WARRNAMBOOL Cheese and Butter (WCB) needs to better explain its growth incentive scheme to suppliers, Saputo boss Lino Saputo Jnr said during a visit to the Allansford plant this week.
Mr Saputo, whose company acquired an 88 per cent stake in the Allansford processor in January, said many suppliers do not understand the scheme.
“Some don’t understand how it works. It’s not a gift,” he said.
Mr Saputo was speaking after a meeting with suppliers in Warrnambool, where he said he was encouraged by the number of keen young farmers present.
WCB introduced a growth incentive scheme in the lead-up to this season, offering cash incentives to fund expansion, with payments based on a projected growth target agreed by both parties.
Mr Saputo said there were no factory expansion plans in the pipeline.
“We have excess capacity — we can take more milk without need for more factory infrastructure.”
He said the emphasis would be on increasing the percentage of product going into high-value products and credited the lacroferrin plant, commissioned before the takeover, with helping shift the product balance in that direction. Mr Saputo would not be drawn on further Australian acquisitions.
“We will be open to offers from companies interested in talking to us,” he said, hinting that he doesn’t want to get involved in a hostile takeover or one that might precipitate another bidding war.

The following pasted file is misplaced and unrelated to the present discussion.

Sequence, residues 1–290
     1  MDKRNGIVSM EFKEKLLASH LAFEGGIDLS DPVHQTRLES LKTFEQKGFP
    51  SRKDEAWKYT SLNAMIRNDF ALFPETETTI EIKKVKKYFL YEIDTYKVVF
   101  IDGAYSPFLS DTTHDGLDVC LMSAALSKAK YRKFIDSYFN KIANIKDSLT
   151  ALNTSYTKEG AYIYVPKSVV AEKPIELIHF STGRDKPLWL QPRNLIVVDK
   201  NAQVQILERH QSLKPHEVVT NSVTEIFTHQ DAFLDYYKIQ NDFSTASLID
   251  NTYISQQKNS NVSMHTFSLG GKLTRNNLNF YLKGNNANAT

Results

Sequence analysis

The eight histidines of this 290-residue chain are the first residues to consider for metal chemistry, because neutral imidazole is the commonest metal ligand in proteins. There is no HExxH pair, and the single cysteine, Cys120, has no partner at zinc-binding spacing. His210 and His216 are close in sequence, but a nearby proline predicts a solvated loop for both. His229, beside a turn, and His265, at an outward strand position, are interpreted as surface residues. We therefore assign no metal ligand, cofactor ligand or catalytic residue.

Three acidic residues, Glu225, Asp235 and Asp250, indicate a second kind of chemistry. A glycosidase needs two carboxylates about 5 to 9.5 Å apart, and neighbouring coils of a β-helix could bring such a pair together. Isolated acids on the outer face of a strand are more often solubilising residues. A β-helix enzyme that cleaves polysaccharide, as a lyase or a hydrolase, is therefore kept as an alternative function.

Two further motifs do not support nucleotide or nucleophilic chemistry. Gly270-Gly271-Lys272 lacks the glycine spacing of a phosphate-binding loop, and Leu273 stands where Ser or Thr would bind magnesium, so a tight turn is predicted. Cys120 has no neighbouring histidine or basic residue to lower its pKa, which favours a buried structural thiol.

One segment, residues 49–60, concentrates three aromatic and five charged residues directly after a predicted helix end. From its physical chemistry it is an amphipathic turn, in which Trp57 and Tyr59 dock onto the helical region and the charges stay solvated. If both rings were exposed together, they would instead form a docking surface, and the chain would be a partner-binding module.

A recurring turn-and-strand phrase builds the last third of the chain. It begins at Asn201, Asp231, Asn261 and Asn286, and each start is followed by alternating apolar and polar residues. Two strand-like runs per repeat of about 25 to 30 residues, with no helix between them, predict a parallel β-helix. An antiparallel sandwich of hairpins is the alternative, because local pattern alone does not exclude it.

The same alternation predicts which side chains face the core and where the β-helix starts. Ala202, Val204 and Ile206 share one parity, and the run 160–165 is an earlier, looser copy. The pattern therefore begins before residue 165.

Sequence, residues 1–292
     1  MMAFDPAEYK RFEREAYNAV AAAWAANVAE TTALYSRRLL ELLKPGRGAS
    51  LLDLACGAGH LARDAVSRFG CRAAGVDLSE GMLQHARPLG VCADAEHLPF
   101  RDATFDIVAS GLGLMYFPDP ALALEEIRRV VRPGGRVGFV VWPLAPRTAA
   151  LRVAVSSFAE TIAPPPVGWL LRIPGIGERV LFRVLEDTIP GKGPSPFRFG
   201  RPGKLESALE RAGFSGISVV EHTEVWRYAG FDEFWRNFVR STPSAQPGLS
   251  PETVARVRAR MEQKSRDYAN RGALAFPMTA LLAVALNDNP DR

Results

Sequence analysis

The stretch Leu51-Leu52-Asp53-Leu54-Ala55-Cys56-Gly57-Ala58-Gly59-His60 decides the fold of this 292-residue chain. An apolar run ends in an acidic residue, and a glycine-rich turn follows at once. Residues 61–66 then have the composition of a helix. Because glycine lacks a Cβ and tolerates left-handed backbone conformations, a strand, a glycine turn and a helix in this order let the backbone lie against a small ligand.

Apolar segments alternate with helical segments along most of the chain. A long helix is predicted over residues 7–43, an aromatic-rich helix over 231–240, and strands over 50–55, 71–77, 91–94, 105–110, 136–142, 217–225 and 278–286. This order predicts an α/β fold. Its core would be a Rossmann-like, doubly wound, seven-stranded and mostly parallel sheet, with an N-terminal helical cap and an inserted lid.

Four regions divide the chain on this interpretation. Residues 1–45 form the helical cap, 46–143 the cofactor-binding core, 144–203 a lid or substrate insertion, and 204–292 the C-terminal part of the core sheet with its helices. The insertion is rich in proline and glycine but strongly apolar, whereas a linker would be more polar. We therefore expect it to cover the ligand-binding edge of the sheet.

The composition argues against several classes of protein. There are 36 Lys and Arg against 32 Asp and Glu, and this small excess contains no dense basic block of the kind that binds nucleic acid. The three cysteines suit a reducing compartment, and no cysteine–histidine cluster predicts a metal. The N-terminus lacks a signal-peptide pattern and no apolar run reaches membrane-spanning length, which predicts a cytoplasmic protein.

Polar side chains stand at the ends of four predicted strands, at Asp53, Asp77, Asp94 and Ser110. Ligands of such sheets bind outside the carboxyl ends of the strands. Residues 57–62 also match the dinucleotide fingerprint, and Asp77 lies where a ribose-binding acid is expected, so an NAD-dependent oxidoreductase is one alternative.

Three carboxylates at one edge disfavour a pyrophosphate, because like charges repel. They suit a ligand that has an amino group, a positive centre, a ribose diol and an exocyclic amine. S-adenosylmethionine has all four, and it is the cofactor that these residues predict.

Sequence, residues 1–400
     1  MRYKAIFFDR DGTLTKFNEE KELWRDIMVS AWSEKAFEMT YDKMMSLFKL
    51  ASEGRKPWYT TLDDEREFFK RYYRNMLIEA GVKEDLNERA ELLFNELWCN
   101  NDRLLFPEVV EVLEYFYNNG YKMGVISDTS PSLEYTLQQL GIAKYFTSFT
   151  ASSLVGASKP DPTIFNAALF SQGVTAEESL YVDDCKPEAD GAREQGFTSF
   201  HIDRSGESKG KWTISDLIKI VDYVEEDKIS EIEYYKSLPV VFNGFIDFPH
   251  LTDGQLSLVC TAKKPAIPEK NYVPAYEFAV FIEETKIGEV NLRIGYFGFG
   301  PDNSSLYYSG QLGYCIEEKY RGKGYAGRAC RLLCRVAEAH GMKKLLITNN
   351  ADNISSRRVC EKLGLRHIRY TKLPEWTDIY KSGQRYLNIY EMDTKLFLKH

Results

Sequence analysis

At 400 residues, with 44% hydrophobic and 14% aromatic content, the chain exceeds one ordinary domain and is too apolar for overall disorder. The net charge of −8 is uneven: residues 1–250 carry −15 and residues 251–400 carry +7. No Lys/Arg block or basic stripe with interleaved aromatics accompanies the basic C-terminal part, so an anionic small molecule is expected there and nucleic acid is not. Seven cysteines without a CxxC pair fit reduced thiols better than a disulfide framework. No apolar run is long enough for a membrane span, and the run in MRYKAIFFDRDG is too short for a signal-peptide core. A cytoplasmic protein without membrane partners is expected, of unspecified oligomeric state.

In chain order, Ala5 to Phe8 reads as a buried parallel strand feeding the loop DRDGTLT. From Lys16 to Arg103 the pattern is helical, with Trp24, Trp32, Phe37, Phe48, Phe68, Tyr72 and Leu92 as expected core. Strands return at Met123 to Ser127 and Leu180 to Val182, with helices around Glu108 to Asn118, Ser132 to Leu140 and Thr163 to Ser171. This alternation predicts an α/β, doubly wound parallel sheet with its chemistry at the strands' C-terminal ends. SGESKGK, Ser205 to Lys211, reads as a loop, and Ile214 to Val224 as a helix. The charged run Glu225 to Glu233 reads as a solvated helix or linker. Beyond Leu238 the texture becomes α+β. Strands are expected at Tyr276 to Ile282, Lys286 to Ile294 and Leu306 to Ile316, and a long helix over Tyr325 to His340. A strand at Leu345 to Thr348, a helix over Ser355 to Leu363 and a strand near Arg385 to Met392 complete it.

Saputo paid more than $460 million for its 88 per cent share in the company, which many analysts considered too much.
Mr Saputo said the company was legally constrained from making further acquisitions for six months after completing the WCB takeover. That period is now coming to a close and the market appears to be anticipating a bid for the most obvious target, Bega Cheese.
Bega’s share price has lifted from below $4.90 to $5.35 in the past 10 days for no obvious reason.
Mr Saputo said he would welcome the chance to acquire the 10 per cent of WCB held by Japanese company Lion, but it was not something being actively pursued.
Despite a big lift in profits last year, WCB did not pay a dividend, opting to plough the money back into the company. This will be a considerable disincentive to Lion and the handful of smaller shareholders to retain their holdings.
Lion secured a stake in WCB to secure its cheese supply contracts with the company.
Since taking over, Saputo has slimmed down the management structure by shedding five directors and making way for Mr Saputo and its executive vice-president of finance and administration Louis-Philippe Carrière.
David Lord, who has been WCB chief executive for four years, announced on Wednesday that he will step down next April.
Throughout the takeover process, Mr Saputo said he would not cut factory jobs and he has so far delivered on that promise.
“We know we couldn’t experience the same success without appreciating, trusting and supporting our employees,” he said.